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Dealers, Detroit Look for Boost With ‘Clunkers’ Extension

The government's popular "cash for clunkers" incentive program -- aimed at replacing gas guzzlers with more fuel-efficient vehicles -- nearly exhausted its $1 billion budget in just days. Analysts look at who benefits from the program and its effects on the troubled U.S. auto industry.

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  • JUDY WOODRUFF:

    Next, the popularity of "cash for clunkers" and the push to extend the program.

    NewsHour correspondent Kwame Holman begins with some background.

  • KWAME HOLMAN:

    Following the House's lead, the Senate moved to pass a $2 billion extension of the program this evening. And for some dealers, that extra cash is critical.

  • CAR DEALER:

    We're just in limbo of what happens next.

  • KWAME HOLMAN:

    This Atlanta Chevy dealer says the program has been good for sales, but…

  • MARK FROST, Jim Ellis Chevy, Atlanta, Ga.:

    As of last night, there's a moratorium. We're not doing any more "cash for clunkers" deals until we get word that the Senate has approved the additional $2 billion.

  • KWAME HOLMAN:

    Right now, he says he's waiting for $800,000 worth of reimbursements from the government for his network of dealerships.

    The program, officially known as the Car Allowance Rebate System, or CARS, offers cash back for trading in vehicles that get less than 18 miles to the gallon. If the new car gets at least four miles per gallon better mileage than the old, a buyer nets $3,500, and a 10-mile-per-gallon increase earns $4,500.

    The improved mileage requirements are less strict for new light trucks.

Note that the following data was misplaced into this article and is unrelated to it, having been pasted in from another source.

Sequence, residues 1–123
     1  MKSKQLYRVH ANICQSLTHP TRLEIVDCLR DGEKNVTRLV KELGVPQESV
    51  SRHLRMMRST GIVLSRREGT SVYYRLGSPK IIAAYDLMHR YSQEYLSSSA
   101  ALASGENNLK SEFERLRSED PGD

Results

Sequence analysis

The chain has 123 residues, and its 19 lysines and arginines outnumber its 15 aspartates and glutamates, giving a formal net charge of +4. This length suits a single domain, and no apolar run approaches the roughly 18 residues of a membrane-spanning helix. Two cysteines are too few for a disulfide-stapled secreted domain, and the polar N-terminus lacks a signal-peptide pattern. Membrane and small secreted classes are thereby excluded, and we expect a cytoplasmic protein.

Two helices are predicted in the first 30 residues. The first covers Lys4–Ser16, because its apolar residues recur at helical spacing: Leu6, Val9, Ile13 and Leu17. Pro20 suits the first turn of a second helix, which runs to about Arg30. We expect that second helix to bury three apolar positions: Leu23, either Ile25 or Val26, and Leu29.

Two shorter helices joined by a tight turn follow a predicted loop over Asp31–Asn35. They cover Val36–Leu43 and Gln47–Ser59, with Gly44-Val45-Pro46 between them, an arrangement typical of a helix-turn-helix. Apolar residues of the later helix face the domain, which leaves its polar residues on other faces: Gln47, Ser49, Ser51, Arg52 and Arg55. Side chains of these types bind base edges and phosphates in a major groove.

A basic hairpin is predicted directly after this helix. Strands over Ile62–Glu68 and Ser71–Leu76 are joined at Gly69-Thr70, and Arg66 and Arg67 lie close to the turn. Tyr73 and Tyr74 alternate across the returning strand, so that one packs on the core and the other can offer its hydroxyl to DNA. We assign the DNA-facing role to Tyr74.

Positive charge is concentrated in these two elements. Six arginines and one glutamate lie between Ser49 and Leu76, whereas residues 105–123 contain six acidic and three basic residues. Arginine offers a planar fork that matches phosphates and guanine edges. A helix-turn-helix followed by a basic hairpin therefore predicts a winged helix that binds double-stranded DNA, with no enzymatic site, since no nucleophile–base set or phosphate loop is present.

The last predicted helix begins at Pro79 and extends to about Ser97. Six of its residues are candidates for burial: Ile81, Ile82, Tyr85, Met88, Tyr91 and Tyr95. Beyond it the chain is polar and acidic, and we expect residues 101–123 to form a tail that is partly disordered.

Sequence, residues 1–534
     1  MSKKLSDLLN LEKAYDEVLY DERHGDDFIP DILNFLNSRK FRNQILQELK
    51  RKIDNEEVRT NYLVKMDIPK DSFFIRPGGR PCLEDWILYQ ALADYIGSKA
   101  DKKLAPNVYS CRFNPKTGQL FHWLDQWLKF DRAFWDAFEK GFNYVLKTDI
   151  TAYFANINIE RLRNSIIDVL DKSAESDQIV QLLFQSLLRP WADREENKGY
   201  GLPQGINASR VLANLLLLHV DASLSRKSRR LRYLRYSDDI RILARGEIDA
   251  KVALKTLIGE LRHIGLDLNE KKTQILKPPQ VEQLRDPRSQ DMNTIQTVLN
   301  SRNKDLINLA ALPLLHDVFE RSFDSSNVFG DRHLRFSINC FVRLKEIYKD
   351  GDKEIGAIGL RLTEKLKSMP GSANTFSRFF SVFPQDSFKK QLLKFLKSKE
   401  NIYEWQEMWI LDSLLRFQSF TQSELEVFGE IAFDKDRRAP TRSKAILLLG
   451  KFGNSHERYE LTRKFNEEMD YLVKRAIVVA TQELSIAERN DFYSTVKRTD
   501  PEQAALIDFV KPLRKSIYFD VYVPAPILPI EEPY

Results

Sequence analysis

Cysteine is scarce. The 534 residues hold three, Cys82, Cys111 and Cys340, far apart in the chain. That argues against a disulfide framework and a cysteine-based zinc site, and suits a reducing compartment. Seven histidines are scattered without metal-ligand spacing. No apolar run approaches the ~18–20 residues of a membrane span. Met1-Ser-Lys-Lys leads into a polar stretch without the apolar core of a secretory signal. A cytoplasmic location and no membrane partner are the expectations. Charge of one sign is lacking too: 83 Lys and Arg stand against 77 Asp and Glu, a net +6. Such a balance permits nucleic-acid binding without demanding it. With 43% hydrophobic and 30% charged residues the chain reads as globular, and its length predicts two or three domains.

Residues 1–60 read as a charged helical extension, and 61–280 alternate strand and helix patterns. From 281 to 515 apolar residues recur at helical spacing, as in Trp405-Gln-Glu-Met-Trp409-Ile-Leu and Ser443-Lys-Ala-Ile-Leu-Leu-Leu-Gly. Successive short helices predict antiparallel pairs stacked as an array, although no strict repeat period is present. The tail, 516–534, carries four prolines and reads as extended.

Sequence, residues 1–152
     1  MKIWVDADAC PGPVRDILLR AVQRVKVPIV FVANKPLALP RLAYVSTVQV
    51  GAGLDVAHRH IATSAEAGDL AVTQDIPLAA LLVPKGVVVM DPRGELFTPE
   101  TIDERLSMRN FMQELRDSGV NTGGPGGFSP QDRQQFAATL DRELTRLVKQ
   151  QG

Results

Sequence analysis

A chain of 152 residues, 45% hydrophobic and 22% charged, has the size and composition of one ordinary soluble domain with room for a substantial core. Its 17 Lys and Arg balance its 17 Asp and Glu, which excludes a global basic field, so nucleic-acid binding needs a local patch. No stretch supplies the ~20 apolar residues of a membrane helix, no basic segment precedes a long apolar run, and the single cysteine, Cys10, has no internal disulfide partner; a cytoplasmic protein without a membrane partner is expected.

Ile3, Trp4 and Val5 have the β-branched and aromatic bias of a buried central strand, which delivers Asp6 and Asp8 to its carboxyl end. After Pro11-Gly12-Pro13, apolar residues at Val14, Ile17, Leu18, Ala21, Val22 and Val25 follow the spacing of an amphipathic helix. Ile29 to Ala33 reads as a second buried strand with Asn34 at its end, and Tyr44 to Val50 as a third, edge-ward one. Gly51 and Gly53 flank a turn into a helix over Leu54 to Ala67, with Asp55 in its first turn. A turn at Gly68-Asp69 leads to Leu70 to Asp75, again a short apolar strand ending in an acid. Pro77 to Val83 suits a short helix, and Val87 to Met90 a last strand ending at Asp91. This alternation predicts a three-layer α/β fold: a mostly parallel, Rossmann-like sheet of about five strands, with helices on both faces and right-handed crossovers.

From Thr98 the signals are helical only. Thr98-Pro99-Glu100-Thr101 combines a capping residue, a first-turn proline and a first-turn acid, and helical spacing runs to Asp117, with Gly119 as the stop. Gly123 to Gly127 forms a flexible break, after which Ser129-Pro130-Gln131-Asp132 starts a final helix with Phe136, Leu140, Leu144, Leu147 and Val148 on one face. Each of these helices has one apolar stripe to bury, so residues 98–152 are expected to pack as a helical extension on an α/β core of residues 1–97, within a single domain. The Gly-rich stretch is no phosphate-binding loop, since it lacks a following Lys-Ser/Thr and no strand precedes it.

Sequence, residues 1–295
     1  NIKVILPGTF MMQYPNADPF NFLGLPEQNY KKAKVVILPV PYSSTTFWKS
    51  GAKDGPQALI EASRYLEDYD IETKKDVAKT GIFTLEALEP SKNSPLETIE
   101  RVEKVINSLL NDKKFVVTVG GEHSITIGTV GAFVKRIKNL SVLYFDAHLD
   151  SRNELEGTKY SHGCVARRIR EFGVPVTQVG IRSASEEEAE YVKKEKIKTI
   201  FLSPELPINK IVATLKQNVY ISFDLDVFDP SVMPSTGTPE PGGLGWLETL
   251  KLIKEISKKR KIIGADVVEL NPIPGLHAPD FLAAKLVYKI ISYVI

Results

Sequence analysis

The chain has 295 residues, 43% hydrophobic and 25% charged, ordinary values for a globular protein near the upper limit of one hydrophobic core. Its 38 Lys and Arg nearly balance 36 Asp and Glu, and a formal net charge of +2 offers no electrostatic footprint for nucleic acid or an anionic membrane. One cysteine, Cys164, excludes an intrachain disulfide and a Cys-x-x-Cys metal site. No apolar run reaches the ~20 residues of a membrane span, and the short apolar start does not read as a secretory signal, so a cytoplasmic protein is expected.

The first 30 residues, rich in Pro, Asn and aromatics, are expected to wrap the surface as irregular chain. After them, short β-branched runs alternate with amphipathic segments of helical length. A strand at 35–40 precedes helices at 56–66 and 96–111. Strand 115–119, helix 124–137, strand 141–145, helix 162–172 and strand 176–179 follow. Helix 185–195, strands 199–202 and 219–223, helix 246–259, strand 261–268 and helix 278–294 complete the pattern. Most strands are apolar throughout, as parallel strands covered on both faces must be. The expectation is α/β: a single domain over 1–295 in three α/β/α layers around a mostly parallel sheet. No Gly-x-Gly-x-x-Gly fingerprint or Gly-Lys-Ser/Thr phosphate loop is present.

The $1 billion set aside for the program was supposed to last until November, but it has been so popular that the money was used up in a matter of weeks. The federal Department of Transportation says that, as of yesterday, the program took 157,000 vehicles off U.S. roads, many disabled and headed to the scrap heap.

    Dealers say that number is likely much higher. Many have had trouble filing paperwork with the government's computer system.

  • MICHAEL KALINOWSKI, Palmetto Ford, Charleston, South Carolina:

    I brought it home. And at 2 o'clock in the morning when I knew everybody on the West coast was going to be sleeping, I put all my stuff in.

  • KWAME HOLMAN:

    The program has been a boon for the big three American auto manufacturers. Of the new cars purchased through the program, 45 percent are made by General Motors, Ford, and Chrysler. The remainder are from foreign manufacturers, several of which produce those cars in the U.S. Six of the most popular replacement models are from Japanese companies, including the top seller, the Toyota Corolla.

  • JUDY WOODRUFF:

    For a closer look at the program to date and some of the questions surrounding it, we turn to Ed Tonkin, the vice chairman of the National Automobile Dealers Association, a trade group. His company has 14 dealerships in Oregon that sell domestic and foreign models. He joins us from Portland.

    And Bruce Belzowski of the University of Michigan's Transportation Research Institute.

    Gentlemen, thank you both for being with us. I'm going to start with you, Ed Tonkin. How well do you think this "cash for clunkers" program has done?

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